60
2mm
2thick
5mm
4thick

Semantics
thin arcs
thicker arcs
length of arrow head
opening angle of arrow head
length of one curl
length of one dash
distance of two dots
length of one wiggle
inclination of wiggles
length of a zig-zag period
width of zig-zag lines
default size of vertex decors
diameter of dots

Table 7: Available style parameters.


2.6.4
\fmfset

Changing parameters

This command can be used to change the parameters in table 7 as follows:


\fmfset{parameter }{value}
Note that these parameters are not stored in the graph data structure for the
individual vertices and arcs. Instead the current values at the time of \fmfdraw
are used.
2.6.5

fmfshrink

Shrink the linewidths and similar parameters in the enclosed section.


2.6.6

\fmftrace
\fmfnotrace
\fmfdisplay
\fmfstopdisplay

Debugging

Enable and disable tracing of the layout decisions. This is not necessarily
printed in an intuitive format, but can be helpful for debugging.
Enable online displays. \fmfstopdisplay will halt METAFONT everytime a
graph is complete.
2.6.7

fmffor

Shrinking

Multiple vertices and arcs

The environment
\begin{fmffor}{var }{from}{step}{to}
body
\end{fmffor}
executes body multiple times, setting var to from, from + step, . . . , to.
An application of this above feynMF feature is shown in gure 7, which is
generated by calling the TEX macro
\def\EulerHeisenberg#1{%

31

 

Figure 7: Higher order terms in the Euler-Heisenberg lagrangian.


\begin{fmfgraph}(40,25)
\fmfpen{thick}
\fmfsurroundn{e}{#1}
\begin{fmffor}{n}{1}{1}{#1}
\fmf{photon}{e[n],i[n]}
\end{fmffor}
\fmfcyclen{fermion,tension=#1/8}{i}{#1}
\end{fmfgraph}}

with the arguments 4, 6, 8, and 10, respectively.


Similarly, we can draw the diagrams from many particle physics in gures 8
and 9:
\def\PPRing#1{%
\begin{fmfgraph}(20,20)
\fmfsurroundn{v}{#1}
\fmfdotn{v}{#1}
\fmfcyclen{fermion,right=0.25}{v}{#1}
\fmfcyclen{fermion,left=0.25}{v}{#1}
\end{fmfgraph}}
\def\PHRing#1{%
\begin{fmfgraph}(20,20)
\fmfsurroundn{v}{#1}
\fmfdotn{v}{#1}
\fmfcyclen{fermion,right=0.25}{v}{#1}
\fmfrcyclen{fermion,right=0.25}{v}{#1}
\end{fmfgraph}}

2.7

Immediate mode

In addition to the automatic layout of vertices, feynMF features an immediate


mode, in which feynMFs drawing commands operate directly on METAFONTs

32


 
Figure 8: Particle-particle ring diagrams

Figure 9: Particle-hole ring diagrams

pairs and paths. You might want to consult The METAFONT Book [4] or the
METAPOST manual [5] for further information on the available path expressions.
2.7.1
\fmfi

Arcs

Immediate modes brother of \fmf.


\fmfi{style[,opt[=val ],. . . ]}{p}
draws a line of style style on path p. Use the vpath function in p (after \fmffreeze!) to access the METAFONT path connecting two vertices:
vpath[tag](from,to). The optional numeric tag can be used together
with a matching tag option to \fmf to disambiguate arcs that connect the same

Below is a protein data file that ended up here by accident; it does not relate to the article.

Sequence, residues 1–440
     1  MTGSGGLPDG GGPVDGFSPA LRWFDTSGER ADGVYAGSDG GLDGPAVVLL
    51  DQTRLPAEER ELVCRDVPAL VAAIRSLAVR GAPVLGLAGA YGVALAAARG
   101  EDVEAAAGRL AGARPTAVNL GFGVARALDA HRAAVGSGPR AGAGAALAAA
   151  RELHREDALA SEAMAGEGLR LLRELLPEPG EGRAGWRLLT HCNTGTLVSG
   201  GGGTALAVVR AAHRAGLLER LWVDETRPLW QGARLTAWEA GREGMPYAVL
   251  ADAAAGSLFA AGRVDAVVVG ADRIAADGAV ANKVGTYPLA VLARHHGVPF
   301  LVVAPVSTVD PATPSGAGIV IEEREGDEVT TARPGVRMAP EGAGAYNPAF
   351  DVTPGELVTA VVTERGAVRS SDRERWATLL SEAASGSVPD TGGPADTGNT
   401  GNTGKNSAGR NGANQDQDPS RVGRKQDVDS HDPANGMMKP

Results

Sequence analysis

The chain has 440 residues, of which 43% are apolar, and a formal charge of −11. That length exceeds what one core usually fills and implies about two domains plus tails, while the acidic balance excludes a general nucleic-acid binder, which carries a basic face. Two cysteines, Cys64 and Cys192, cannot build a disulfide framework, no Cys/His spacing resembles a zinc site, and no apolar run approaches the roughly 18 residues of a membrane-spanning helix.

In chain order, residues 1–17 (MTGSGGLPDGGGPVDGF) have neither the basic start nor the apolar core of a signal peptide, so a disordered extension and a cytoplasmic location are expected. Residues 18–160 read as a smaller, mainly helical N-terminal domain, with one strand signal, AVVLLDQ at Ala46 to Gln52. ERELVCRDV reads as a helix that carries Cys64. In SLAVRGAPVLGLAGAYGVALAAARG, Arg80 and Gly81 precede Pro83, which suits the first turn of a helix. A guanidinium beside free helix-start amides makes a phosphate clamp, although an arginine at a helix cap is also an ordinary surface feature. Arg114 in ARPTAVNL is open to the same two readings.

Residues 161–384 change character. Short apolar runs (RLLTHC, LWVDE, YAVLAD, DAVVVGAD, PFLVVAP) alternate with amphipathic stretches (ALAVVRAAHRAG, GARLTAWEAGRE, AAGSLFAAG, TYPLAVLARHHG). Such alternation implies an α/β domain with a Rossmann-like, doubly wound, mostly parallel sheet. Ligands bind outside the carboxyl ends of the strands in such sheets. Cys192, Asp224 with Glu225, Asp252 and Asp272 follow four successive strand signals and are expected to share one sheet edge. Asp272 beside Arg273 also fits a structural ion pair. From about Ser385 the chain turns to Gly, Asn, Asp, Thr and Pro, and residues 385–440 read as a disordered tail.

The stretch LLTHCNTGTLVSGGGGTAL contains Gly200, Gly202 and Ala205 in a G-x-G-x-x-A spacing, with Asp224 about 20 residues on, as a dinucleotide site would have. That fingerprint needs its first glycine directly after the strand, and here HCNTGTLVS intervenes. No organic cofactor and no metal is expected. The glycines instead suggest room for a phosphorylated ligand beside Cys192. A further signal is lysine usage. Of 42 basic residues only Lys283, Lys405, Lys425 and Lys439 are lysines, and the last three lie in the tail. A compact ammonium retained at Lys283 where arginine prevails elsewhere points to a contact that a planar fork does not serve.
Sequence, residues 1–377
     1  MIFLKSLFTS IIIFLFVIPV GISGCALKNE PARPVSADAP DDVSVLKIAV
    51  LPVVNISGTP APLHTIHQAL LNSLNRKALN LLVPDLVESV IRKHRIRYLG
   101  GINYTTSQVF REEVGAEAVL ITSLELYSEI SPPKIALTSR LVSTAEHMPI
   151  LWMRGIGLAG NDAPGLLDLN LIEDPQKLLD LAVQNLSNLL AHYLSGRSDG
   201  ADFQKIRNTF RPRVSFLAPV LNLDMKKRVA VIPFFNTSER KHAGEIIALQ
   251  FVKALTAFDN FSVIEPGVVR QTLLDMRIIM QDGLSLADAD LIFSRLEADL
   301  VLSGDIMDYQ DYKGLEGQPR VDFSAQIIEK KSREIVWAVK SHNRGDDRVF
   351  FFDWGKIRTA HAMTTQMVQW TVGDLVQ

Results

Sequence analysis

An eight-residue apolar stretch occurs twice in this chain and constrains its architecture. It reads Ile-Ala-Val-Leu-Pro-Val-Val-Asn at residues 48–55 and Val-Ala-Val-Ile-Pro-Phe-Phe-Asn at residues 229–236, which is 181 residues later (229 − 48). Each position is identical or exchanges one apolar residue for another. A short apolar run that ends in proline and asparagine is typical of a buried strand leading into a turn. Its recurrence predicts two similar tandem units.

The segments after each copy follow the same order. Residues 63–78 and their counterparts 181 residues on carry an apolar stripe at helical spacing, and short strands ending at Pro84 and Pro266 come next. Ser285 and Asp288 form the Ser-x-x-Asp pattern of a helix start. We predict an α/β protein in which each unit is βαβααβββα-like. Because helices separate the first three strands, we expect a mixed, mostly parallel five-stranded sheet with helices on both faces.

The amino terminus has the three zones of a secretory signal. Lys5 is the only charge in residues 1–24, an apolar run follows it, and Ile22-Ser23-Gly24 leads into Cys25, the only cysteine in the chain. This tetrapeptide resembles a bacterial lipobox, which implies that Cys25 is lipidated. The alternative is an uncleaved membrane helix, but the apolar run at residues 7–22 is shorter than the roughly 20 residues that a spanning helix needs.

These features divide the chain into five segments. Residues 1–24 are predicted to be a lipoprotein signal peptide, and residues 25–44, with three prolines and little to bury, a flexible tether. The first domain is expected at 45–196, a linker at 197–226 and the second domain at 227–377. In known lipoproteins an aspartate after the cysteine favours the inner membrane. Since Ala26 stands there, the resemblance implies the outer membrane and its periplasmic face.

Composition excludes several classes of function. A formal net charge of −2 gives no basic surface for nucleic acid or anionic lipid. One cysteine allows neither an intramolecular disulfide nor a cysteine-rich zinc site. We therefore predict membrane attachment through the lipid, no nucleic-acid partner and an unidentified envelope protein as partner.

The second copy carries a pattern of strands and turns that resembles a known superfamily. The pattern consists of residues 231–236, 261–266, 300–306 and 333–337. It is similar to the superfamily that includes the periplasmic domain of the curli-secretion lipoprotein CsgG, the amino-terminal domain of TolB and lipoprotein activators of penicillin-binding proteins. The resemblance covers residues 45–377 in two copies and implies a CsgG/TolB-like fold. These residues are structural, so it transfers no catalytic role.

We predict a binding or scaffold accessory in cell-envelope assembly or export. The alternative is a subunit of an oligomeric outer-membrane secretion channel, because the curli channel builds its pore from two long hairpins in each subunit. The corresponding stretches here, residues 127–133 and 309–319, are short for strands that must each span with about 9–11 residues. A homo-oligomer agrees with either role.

vertices. You have to prepend each name of a vertex in vpaths arguments with
two underscores (e.g. v1 becomes __v1). This is necessary for avoiding nameclashes with some reserved words in METAFONT (sparks in DEKs terminology).
2.7.2

\fmfiv

Vertices

Immediate modes brother of \fmfv.


\fmfiv{shape[=val ][,opt[=val ],. . . ]}{v }
draws a vertex at position v . Note that here v is a METAFONT pair and not
a feynMF vertex name. The formers equivalent of the latter can be accessed
(after \fmffreeze!) with the vloc function: vloc(vertex ). Again, you have
to prepend the name of the vertex in vlocs argument with two underscores
(e.g. v1 becomes __v1).
2.7.3

\fmfipath
\fmfipair

Declarations

The argument(s) are declared METAFONT paths.


The argument(s) are declared METAFONT pairs (coordinates).

33

2.7.4
\fmfiequ
\fmfiset

Assignments

Establish equality for the two arguments, i.e. \fmfiequ{lval}{rval} translates


to lval=rval.
Assign the second argument to the rst, i.e. \fmfiset{lval}{rval} translates
to lval:=rval.
Specifying equality of two variables is a very dierent operation from assignment
in METAFONT. See The METAFONT Book [4] for details on METAFONTs builtin
equation solver.




2.7.5

Examples

Here is a non-trivial example of immediate mode, which shows some useful


tricks. The non-trivial aspect of the diagram in question is that it has lines
broken in two, denoting particles coupling to a condensate.
We start the diagram with a skeleton (the phantom lines are shown as
thin lines for clarity):
\fmfleft{i}
\fmfright{o}
\fmf{dots}{i,v1}
\fmf{dots}{v2,o}
\fmf{phantom,left,tension=0.2,tag=1}{v1,v2}
\fmf{phantom,left,tension=0.2,tag=2}{v2,v1}
\fmfdot{v1,v2}
\fmfposition

Add the fermions to the skeleton


\fmfipath{p[]}
\fmfiset{p1}{vpath1(__v1,__v2)}
\fmfiset{p2}{vpath2(__v2,__v1)}
\fmfi{fermion}{subpath (0,length(p1)/3) of p1}
\fmfi{fermion}{subpath (2length(p1)/3,length(p1)) of p1}
\fmfi{fermion}{subpath (0,length(p2)/3) of p2}
\fmfi{fermion}{subpath (2length(p2)/3,length(p2)) of p2}

Add condensates and a gluon


\def\cond#1#2{%
\fmfiv{d.sh=cross,d.ang=#1,d.siz=5thick}{#2}}
\cond{30}{point length(p1)/3 of p1}
\cond{-30}{point 2length(p1)/3 of p1}
\cond{30}{point length(p2)/3 of p2}
\cond{-30}{point 2length(p2)/3 of p2}
\fmfi{gluon}{point length(p1)/10 of p1
-- point 11length(p1)/12 of p1}
\def\vert#1{%
\fmfiv{d.sh=circle,d.f=1,d.siz=2thick}{#1}}
\vert{point length(p1)/12 of p1}
\vert{point 11length(p1)/12 of p1}

34





Figure 10: Circular gluons.

Heres an interesting abuse of feynMF (see the next section for \fmfcmd):
\begin{fmfgraph*}(40,40)
\fmfipair{o,xm,xp,ym,yp}
\fmfiequ{o}{(.5w,.1h)}
\fmfiequ{xm}{(0,.1h)}
\fmfiequ{xp}{(w,.1h)}
\fmfiequ{ym}{(.5w,0)}
\fmfiequ{yp}{(.5w,h)}
\fmfiv{l=$x$,l.a=-135,l.d=2mm}{xp}
\fmfiv{l=$y=x^2$,l.a=-135,l.d=2mm}{yp}
\fmfpen{thin}
\fmfcmd{draw xm--xp; draw ym--yp;}
\fmfpen{thick}
\fmfiequ{xs}{xpart(xp-o)}